Indian Rupee is constantly falling against the USD; what other currencies are stable and rising against the USD
On Monday, the Indian rupee fell to a new low against the US dollar, reaching 78.20 for the first time.
The rupee has lost 5% of its value since January 2022, owing to a strengthening US dollar index, rising oil costs, and dollar outflows from Indian stock and bond markets. In the first five months of 2022, foreign institutional investors withdrew nearly Rs 2,15,000 crore, more than they brought in throughout the 12 years from 2009 to 2021.
This attitude is evident in the stock market as well. Since January, the Nifty and the 30-share BSE Sensex have lost more than 10% of their value.
Interest rates are rising worldwide, which is one of the selloff causes. When interest rates rise, international investors begin withdrawing funds from riskier economies like India, and the rupee’s devaluation adds to their fears. The strengthening of the US currency is seen as a negative for emerging markets.
“In the next week, weak local markets, rising crude oil prices, a strong dollar, and ongoing foreign capital outflows are projected to put the domestic currency under pressure,” IFA Global wrote in a note on Sunday.
What is the reason for the rupee’s fall?
“The rupee has broken beyond 78, although it is still in line with other currencies compared to the US dollar. Capital is moving to safe havens such as the United States. The ongoing Ukraine conflict, which has resulted in supply delays and skyrocketing oil prices, has harmed development prospects and raised capital costs. This has caused FIIs to withdraw funds, weakening the currency. “Astha Mago, Associate Director at Client Associates, shared her thoughts.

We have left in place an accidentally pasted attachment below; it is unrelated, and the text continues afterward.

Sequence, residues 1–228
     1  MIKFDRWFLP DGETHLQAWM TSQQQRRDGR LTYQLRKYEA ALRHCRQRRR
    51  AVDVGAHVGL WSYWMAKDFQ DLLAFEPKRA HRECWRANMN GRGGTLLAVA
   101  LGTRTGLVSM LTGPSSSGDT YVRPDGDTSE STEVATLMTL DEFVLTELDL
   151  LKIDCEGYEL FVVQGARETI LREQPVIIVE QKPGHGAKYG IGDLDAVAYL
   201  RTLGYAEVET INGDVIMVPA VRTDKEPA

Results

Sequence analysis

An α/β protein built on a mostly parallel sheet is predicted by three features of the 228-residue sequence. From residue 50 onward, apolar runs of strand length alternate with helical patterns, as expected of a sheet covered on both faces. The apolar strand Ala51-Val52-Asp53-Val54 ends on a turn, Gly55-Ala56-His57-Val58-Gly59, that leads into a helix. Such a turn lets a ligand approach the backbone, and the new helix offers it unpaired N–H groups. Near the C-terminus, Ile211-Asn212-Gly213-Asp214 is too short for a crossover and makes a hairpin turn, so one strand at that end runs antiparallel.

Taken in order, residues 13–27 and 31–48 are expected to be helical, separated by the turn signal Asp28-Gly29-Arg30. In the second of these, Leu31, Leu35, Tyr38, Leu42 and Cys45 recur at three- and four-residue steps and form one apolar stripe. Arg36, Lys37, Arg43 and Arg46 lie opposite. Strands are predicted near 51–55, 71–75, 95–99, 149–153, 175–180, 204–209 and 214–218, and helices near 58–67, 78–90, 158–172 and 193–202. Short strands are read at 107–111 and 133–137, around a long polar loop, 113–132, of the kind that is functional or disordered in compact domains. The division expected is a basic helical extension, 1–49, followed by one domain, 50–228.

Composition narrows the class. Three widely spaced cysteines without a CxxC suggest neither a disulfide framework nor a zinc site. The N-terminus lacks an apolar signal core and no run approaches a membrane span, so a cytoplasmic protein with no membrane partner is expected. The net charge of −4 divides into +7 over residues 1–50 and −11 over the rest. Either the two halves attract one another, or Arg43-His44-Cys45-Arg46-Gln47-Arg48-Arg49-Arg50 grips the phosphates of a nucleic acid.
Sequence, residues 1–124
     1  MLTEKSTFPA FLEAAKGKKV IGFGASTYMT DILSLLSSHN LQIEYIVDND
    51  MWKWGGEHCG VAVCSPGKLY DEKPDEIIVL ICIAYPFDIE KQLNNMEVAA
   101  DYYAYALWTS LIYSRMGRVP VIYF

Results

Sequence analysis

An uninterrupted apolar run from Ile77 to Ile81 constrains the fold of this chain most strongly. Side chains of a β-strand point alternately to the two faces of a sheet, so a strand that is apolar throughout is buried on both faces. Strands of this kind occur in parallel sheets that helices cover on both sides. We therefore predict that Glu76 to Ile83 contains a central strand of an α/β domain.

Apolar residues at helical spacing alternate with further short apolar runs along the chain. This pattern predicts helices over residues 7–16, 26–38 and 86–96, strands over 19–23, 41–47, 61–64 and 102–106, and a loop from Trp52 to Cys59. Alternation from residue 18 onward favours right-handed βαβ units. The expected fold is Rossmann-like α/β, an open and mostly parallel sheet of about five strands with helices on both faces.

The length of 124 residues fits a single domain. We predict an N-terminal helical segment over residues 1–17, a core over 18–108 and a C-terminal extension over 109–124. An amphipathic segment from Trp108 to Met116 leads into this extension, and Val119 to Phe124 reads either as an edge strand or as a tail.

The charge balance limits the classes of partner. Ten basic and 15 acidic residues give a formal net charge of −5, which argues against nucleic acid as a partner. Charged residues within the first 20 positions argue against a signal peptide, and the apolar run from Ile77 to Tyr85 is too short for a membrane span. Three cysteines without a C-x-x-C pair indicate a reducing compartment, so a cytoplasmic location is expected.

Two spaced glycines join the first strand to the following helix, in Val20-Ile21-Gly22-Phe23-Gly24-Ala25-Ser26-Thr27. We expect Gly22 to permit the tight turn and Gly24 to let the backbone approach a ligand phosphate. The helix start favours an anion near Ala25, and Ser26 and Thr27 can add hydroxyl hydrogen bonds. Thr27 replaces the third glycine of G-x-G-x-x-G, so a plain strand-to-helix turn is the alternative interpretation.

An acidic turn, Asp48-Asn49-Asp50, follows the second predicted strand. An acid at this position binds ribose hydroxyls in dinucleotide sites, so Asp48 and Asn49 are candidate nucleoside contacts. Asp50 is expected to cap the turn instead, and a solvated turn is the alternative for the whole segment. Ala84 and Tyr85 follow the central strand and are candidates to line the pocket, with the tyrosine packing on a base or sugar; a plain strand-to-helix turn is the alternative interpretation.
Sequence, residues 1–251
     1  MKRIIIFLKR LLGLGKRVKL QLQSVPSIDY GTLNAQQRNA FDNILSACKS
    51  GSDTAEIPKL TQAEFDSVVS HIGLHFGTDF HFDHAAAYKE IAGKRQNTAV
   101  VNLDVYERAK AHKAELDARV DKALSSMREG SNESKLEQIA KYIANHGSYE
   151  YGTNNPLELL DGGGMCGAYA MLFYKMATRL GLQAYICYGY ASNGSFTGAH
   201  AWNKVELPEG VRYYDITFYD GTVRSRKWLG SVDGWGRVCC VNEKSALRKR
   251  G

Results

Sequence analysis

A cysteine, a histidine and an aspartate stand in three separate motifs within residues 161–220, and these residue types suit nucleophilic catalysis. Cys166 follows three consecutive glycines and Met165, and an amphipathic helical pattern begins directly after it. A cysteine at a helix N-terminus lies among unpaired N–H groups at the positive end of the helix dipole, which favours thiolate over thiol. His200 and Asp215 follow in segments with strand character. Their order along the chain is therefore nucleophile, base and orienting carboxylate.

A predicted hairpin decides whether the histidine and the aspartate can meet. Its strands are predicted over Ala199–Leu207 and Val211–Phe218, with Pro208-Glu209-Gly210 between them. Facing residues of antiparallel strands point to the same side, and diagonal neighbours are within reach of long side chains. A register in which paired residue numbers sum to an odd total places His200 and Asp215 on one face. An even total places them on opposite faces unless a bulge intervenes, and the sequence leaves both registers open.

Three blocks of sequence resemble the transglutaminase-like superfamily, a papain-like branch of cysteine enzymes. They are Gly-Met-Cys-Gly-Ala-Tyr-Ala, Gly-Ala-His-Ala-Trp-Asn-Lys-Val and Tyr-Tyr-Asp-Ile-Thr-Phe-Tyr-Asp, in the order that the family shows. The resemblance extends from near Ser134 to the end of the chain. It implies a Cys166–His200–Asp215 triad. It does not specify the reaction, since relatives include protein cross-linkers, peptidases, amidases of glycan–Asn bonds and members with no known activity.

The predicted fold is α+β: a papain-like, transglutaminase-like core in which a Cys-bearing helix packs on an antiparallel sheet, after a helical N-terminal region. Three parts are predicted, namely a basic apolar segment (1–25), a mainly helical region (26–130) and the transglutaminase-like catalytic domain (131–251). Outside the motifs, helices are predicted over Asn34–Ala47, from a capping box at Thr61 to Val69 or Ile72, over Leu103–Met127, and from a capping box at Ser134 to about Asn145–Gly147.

In the last decade, the INR has lost roughly Rs. 20 in value, given the present situation, it may lose considerably more. Although India is not the only country affected by the current currency crisis, Asian and Central European currencies have also seen volatility. However, the key participants in this transaction are the US’s aggressive attitude to its economy and India’s increased inflation projections.
The United States’ monetary policies have resulted in increased interest rates and a limited dollar supply. This imbalance not only has a negative impact on foreign money outflows but also has a negative impact on crude oil imports.
The dollar index is increasing.
The US dollar index is still rising, outperforming other currencies. The US dollar index was created in 1973 to compare the value of the US dollar to the euro, Swiss franc, Japanese yen, Canadian dollar, British pound, and Swedish krona. The index’s value is a good predictor of the dollar’s worth worldwide. If the USDX rises, the US dollar gains strength or value against other currencies.
When the dollar’s value grows, so does the value of all connected underlying assets. Stocks in American corporations, treasury bonds, US government bonds, currency bonds, and other securities are among them.